Four primary processes are used at the LFWTP to treat water for pathogenic microorganisms and chemical contaminants:
- Filtration, and
The treatment process flows continuously from beginning (raw source water) to end (finished drinking water, pumped to our customers), 24 hours a day, 7 days a week, under normal conditions. However, the process is monitored electronically at many points along the way, and stops whenever conditions in any of the treatment steps deviate from optimal ranges. The process is also controlled under State and Federal regulations designed to protect the health and safety of our customers.
PVWC employs sand-ballasted Actiflo® coagulation, a compact, high flow-rate water clarification process. The process begins when a coagulant (ferric sulfate) is added to the raw water flowing into the coagulation chambers. Coagulation polymer and microsand are then added to the flowing water. The mixture is given time to “mature” and then it flows into specially designed clarification tanks. The outflow from these tanks is water from which much of the particles, bacteria and organic matter have been removed. This advanced coagulation process can produce up to 30 gallons of clarified water per minute per square foot of footprint, compared to a typical production rate of only 3 gallons by the old process it replaced. Furthermore, typical detention time in the process is only 15 minutes from injection to outflow, compared to 2 to 6 hours settling time by the conventional process.
Ozone gas is a highly energetic form of oxygen, the same oxygen present in the Earth’s atmosphere. Ozone is created when oxygen passes through a strong electric field (similar to a lightning flash in the sky). PVWC maintains three advanced on-site ozone generators to create as much ozone as we need for water treatment.
Ozone gas is ideal for drinking water treatment, because it is highly effective at inactivating pathogens (viruses and bacteria) and cleaning up taste and odor components from the water, while leaving behind no residue of its own. By the time the treated water leaves our treatment plant, all its ozone has dissipated.
Clarified water leaving the coagulation/settling process flows to ozone chambers where ozone gas is bubbled through it. The concentration of ozone added to the water is carefully controlled to ensure optimum disinfection and virus inactivation.
Filtration and Chlorination
After the clarified water has been treated with ozone gas, it is passed slowly through a bed of Granular Activated Carbon over a base of fine sand. This process polishes the water by removing small particles left over from coagulation and provides additional removal of organic matter not previously removed.
Water leaving the filters is stored in special chambers called Clearwells. The last Clearwell is dosed with liquid sodium hypochlorite to a level of 1.5 – 2.0 parts per million final residual chlorine. This last dose of chlorine is intended to remain in the water as it travels throughout the water mains serving our customers’ cities and neighborhoods. By keeping a small amount of chlorine in the final, finished water, the pipes and water remain protected against intrusions of pathogenic bacteria, keeping the water safe for everyone to drink.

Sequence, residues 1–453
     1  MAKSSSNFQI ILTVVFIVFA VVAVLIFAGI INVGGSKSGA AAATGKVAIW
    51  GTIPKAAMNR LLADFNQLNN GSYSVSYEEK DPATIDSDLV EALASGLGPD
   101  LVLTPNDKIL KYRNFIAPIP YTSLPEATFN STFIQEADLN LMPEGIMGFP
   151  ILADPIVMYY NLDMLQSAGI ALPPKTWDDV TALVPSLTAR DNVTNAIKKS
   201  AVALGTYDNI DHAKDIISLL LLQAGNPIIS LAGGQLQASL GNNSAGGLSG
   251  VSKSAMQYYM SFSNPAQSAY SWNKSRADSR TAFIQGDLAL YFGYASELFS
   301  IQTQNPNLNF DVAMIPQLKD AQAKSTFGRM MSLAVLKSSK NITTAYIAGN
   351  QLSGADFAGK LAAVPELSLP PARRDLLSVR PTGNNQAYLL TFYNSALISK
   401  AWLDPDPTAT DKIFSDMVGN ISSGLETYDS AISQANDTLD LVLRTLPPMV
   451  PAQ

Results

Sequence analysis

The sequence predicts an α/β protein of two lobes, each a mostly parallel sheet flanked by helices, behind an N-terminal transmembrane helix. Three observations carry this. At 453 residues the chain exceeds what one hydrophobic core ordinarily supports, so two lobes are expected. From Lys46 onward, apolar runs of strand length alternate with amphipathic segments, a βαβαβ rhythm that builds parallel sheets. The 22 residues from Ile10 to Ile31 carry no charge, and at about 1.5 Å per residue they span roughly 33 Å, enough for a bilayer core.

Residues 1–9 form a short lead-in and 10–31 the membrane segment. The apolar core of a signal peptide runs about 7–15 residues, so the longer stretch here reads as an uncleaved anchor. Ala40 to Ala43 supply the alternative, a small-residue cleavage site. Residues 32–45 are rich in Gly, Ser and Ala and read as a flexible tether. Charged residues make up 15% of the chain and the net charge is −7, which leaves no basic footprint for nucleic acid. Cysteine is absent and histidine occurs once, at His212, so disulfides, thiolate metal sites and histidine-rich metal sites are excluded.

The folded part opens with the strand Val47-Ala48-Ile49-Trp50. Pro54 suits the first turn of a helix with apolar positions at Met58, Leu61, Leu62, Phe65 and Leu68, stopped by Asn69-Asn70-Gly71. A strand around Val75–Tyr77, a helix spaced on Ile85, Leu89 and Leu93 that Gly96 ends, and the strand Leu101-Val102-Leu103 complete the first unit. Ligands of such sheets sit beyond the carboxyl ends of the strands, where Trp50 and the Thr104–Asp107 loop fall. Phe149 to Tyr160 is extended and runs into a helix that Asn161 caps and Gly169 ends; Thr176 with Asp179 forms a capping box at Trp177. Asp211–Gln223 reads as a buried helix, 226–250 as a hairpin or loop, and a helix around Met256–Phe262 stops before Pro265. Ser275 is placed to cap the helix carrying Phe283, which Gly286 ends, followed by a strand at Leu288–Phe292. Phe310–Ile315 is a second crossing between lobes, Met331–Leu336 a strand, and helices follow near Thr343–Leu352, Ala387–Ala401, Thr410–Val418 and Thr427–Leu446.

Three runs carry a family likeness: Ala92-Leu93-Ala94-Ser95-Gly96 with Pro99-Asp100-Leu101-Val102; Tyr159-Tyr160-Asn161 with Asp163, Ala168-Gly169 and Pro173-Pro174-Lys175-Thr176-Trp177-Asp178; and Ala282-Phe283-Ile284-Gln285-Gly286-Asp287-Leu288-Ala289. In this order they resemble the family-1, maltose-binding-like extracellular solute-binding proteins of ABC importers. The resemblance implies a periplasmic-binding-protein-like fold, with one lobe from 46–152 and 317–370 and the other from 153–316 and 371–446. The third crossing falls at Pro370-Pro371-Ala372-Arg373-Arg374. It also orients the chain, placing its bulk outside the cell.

For a majority of PVWC’s customers, finished water from the Little Falls WTP is blended with finished water obtained from the North Jersey District Water Supply Commission’s (NJDWSC) Wanaque WTP. The finished water is then pumped through underground pipes throughout Paterson, Clifton, Passaic, Prospect Park, Lodi, North Arlington and a section of Woodland Park. PVWC also supplies drinking water wholesale to nearly two dozen other municipalities in Passaic, Bergen, Essex, Hudson and Morris counties. Emergency interconnections with other water purveyors exist throughout the distribution system.
Finished Water Reservoirs
Some of the finished drinking water leaving our high-technology Little Falls WTP is deposited in open, man-made reservoirs located in Paterson and Woodland Park. There it remains as a reserve for daily periods of high water demand, similar to water tanks seen in many other towns. Because this open water is exposed to the elements of weather, animals, and plant life, chlorine disinfectant is re-added to the water as it leaves the reservoirs on its way to our customers. This re-chlorination is likely to protect the public against most of the pathogens expected to be added to the drinking water by exposure to nature in our reservoirs.
These open reservoirs are the main reason PVWC cannot better control the corrosivity of our water on lead plumbing. The chemical agents necessary for such control cannot be used in a system with open reservoirs. PVWC is gradually implementing measures designed to improve this situation without adversely affecting the quality of drinking water in our reservoirs. You can read more about this in our Lead Information section.
High Crest Lake Customers
PVWC customers in the High Crest Lake water system receive water that originates in the Kakeout Reservoir in Kinnelon, NJ. The Butler water treatment plant provides this water to PVWC at our High Crest pump station, where we re-chlorinate the water to ensure adequate disinfection and distribute it to our customers.
Post Brook Customers
PVWC customers in the Post Brook water system receive water that originates in underground wells near Nosenzo Pond. PVWC chlorinates this well water at the Nosenzo Pond pump station to ensure adequate disinfection, and we also add a small amount of sequestering agent to keep dissolved minerals from staining our customers’ fixtures and laundry water.